Residents of old buildings at Matunga, Dadar (East), King’s Circle and the Five Gardens precinct can heave a sigh of relief. The Bombay High Court has directed the Brihanmumbai Municipal Corporation (BMC) to allow redevelopment work to be done on the structures that were named in a proposed heritage list in 2012.
A resident points to the cracks in the building’s structure at Dadar-Matunga area. File pic
The list had proposed changing these structures from Grade III to Grade IIA, which means redevelopment or even repair work would require permission of the heritage committee. Several residential buildings were given this Grade IIA tag, causing great distress to inhabitants, most of whom were senior citizens.
MiD DAY reports on the issue
The residents lived in fear of collapse every day, as chunks of plaster came down, staircases creaked and columns turned weak. The list, which was made way back in 2007, even included some buildings that were demolished in a couple of years for redevelopment.
As a result of the heritage tag, the construction work was stopped. The Afzalpurkar Committee had been set up to hear grievances in all such cases. MiD DAY had carried reports on the issue regularly.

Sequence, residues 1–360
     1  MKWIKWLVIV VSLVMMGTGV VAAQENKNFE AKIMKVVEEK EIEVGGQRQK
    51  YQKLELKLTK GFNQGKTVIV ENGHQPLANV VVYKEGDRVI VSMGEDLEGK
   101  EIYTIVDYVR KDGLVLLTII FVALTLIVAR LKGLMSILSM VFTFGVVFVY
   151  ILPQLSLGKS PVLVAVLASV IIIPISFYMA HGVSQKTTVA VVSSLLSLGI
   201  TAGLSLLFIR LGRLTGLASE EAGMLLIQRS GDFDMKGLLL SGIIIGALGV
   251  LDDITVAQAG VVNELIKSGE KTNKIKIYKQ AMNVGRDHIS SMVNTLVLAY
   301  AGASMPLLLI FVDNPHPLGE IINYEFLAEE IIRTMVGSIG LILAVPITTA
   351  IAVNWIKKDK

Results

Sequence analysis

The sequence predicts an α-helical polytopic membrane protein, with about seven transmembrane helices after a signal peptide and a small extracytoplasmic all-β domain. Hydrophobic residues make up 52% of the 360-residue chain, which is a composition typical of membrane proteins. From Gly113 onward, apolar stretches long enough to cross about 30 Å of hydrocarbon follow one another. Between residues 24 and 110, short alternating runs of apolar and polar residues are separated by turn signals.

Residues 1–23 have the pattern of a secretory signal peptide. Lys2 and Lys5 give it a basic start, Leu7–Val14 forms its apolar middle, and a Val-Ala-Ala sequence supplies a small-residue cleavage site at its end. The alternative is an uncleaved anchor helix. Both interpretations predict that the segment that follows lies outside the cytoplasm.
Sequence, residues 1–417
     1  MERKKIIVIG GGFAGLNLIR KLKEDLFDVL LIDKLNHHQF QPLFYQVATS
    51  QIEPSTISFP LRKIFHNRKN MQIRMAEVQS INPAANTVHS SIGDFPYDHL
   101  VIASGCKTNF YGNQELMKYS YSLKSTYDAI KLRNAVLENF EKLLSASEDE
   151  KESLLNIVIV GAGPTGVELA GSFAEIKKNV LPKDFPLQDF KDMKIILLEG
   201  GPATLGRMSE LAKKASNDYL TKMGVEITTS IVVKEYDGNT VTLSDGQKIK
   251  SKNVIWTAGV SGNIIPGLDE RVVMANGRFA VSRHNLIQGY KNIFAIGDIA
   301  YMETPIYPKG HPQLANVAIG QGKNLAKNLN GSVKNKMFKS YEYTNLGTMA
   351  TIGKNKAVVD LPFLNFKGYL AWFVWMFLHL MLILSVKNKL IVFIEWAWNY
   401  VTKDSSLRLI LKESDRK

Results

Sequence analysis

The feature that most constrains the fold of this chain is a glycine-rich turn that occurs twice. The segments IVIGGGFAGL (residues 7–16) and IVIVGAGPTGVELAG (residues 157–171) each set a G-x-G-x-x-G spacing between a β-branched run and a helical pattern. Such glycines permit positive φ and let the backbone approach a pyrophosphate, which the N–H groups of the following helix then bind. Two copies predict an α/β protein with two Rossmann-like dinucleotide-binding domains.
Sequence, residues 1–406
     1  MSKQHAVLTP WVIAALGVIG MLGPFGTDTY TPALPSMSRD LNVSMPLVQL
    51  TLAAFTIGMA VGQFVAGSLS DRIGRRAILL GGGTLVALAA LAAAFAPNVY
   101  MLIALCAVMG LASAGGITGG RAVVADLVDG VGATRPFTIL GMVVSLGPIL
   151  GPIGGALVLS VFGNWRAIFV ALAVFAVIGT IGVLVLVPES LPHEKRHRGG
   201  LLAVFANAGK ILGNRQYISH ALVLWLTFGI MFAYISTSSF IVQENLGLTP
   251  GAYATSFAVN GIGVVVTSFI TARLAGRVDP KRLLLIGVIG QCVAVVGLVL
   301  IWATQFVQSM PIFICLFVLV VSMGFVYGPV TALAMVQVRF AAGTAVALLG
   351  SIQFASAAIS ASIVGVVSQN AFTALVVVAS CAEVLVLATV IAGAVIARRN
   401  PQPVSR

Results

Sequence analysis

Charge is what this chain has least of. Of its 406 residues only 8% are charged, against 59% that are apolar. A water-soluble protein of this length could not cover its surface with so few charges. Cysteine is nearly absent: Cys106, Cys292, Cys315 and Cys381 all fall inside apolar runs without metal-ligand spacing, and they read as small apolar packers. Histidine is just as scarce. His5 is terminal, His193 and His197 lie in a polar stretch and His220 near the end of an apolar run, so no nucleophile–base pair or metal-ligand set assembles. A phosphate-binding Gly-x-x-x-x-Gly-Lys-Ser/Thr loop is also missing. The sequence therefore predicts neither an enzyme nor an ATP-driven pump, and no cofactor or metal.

After the Dadar Matunga Residents Association filed a petition in the Bombay High Court in the second week of January, asking that the redevelopment be allowed, on February 4 the court came out with an order saying the approval of the heritage committee was not needed for these buildings.
According to the order, the civic body will have to approve the redevelopment under sections 33(6) to 33(10) of the Development Control Rules, and process the files as per the current law.
The stalled redevelopment work can now start and any other buildings in the Five Garden precinct, wishing to apply for redevelopment, can now do so. Residents claimed that even the attorney general of the state was in their favour, which added further weight to their petition.
Raxit Prasad, secretary of the Dadar Matunga Residents Association, said, “Many buildings in our area need to be redeveloped; they were in a very bad state. Now, with this judgment, we are in a position to start work on most of the held-over Dadar Matunga projects.”
Babubhai Bhavanji, ex deputy mayor of the city and a resident of Dadar (East), added, “The order came as a relief to us. Now, we do not have to wait for the heritage committee’s approval. We expect to get our projects processed faster and do not have to live in fear of collapse.”
A resident points to the cracks in the building’s structure at Dadar-Matunga area. (Below) MiD DAY reports on the issue. File pic